The Know-Nothing movement was a political reaction to the successive waves of poor German, Irish and Italian Catholic immigrants who came to America to live in urban tenements beginning in the 1830’s, as well as the prejudicial religious fears of many Protestant Americans. Between 1830 and 1850, more than 2.5 million immigrants moved to America and close to a million of these were poor Irish Catholic immigrants escaping the mid-1840’s potato famine.
When economic times got tough in the latter part of the 1840’s and early 1850’s, the mostly Protestant middle class workers living in the Northeast and Midwest sections of America reacted in horror to this influx of poor and mainly Catholic immigrants. The Know Nothing movement eventually became a national political party called the American Party and by 1855 43 of its members had been elected to Congress. The Know-Nothings’ main political aim was to bring a halt to immigration from foreign lands and to restrict American citizenship to native born Americans and naturalization to Protestant men over 21 who were of British descent.
However many of the supporters of the Know Nothings were not content to only use peaceful means to bring about the changes in America’s immigration policy they wanted. Their use of intimidation tactics to prevent Catholics from voting culminated in anti-Catholic riots in Louisville Kentucky during an August 1855 election for Kentucky’s governor that killed 22 Catholic voters, injured scores of others and resulted in widespread property losses. But by 1860 the Know-Nothing movement had fallen apart due to a fractious split over the issue of slavery.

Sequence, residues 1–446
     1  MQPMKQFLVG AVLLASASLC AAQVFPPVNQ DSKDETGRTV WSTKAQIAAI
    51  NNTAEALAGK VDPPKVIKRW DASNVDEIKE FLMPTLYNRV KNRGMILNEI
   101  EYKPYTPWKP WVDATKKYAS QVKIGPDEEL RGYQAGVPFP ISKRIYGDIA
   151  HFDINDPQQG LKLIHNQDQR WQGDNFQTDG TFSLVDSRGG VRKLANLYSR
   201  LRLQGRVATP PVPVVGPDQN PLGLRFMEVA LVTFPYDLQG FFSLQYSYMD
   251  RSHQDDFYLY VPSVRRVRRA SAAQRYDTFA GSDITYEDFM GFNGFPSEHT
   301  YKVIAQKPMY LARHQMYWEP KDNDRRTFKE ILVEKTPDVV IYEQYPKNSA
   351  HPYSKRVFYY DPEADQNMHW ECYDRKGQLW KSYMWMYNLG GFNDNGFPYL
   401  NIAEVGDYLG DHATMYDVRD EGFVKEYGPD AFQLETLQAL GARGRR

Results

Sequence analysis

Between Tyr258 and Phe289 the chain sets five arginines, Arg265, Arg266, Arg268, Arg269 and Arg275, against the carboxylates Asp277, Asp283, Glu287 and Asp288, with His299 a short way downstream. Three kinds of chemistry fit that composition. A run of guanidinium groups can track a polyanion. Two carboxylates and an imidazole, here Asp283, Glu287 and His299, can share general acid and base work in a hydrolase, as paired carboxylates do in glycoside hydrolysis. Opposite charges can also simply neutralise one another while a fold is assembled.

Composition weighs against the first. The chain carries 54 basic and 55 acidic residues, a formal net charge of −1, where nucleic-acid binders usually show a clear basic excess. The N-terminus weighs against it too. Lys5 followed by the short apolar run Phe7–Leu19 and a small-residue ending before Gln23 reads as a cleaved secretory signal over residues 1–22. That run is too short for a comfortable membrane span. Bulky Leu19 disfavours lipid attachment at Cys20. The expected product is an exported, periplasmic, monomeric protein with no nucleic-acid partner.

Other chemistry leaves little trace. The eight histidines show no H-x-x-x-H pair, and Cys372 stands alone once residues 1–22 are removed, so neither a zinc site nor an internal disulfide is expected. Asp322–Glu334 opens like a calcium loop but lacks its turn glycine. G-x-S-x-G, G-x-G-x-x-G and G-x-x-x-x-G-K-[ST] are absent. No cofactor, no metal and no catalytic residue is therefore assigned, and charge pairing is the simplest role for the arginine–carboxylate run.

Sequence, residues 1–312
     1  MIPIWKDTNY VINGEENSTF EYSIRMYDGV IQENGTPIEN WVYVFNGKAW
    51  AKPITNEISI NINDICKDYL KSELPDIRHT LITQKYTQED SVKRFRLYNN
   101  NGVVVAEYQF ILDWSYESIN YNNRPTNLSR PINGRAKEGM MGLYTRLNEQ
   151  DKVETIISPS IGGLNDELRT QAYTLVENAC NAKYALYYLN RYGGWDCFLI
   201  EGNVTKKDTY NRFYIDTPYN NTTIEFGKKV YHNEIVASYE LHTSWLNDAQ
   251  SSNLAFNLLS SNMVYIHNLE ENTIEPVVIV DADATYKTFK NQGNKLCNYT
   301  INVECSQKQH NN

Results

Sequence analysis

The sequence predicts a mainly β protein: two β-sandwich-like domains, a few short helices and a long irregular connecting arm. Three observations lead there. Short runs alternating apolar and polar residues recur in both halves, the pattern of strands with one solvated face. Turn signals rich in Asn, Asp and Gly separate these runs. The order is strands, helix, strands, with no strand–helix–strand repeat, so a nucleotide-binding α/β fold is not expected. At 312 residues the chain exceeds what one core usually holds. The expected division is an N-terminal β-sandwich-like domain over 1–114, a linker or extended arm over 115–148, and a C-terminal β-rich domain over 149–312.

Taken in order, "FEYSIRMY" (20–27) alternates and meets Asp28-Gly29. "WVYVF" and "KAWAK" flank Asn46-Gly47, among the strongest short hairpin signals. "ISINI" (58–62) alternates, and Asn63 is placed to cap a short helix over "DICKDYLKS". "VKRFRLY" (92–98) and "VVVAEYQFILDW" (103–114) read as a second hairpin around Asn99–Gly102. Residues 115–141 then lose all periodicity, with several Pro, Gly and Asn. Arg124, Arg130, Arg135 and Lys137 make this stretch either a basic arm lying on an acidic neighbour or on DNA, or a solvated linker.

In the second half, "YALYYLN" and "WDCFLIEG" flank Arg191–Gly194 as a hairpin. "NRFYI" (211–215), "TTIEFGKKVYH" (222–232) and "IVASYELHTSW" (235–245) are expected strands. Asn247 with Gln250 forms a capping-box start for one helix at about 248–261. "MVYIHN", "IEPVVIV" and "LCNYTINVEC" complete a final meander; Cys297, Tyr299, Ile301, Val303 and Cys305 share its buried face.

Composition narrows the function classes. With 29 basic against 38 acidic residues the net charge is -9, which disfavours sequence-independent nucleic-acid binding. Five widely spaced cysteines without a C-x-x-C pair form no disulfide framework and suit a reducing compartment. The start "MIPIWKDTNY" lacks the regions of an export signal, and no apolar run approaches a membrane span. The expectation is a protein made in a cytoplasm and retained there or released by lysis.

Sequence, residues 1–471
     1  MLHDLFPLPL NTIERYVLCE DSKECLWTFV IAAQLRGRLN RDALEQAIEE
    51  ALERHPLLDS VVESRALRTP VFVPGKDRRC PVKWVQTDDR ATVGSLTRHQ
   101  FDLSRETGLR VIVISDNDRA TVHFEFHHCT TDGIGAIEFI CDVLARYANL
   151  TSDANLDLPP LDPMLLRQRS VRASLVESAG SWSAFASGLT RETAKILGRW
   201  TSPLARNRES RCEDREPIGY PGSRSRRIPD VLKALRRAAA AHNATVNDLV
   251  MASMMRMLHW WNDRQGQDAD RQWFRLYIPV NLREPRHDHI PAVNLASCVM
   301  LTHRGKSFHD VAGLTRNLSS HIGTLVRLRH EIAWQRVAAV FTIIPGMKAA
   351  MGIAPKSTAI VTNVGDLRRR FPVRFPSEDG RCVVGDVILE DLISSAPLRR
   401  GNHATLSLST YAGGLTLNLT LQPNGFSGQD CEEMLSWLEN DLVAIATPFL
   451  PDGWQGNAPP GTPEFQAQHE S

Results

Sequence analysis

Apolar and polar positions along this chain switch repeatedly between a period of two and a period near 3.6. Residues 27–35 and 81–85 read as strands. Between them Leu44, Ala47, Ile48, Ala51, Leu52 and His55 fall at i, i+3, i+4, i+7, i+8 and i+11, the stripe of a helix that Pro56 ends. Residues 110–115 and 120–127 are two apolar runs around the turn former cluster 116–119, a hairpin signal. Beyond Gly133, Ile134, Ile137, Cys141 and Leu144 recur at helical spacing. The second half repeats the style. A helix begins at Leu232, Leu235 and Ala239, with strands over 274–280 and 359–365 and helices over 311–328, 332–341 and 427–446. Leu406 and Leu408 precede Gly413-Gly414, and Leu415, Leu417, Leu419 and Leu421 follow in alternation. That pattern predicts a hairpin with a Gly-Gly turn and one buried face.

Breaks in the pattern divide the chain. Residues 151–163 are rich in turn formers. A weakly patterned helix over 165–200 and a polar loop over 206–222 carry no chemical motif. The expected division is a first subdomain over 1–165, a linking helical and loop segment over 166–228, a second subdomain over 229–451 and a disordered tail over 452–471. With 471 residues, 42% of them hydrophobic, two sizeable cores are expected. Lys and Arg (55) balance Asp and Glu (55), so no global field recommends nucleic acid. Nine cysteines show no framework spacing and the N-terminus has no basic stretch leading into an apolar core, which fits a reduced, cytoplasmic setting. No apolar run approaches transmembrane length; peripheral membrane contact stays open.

Then a hundred years later another fear based political movement arose to take up the Know-Nothing’s mantle. However, instead of immigrant Catholic religious fear, this successor political movement’s fear was based on race. When the Democratic Party voted to include a civil-rights plank in its 1948 Presidential election platform, South Carolina Senator Strom Thurmond formed the States' Rights Democratic Party (“Dixiecrats”) and won the 1948 Presidential electoral votes of the states of South Carolina, Mississippi, Louisiana, and Alabama.
Twenty years later George Wallace formed the American Independent Party to take advantage of American’s racial fears by using the same theme of ‘states rights’ when he ran for President in 1968. Wallace broadened his appeal to American racial fears by winning 13.5% of the vote and the electoral votes of Arkansas and the four states won by Thurmond in 1948.
Another forty years has passed since George Wallace made his appeal to America’s racial fears by using states rights as a politically correct disguise for it. While most Tea Partiers will adamantly deny they are racially biased, their anti-Obama and anti-immigrant rhetoric harkens back to the anti-federal populism and politics of fear used by the aforementioned political movements. I will discuss my remaining Tea Party concerns in my next column.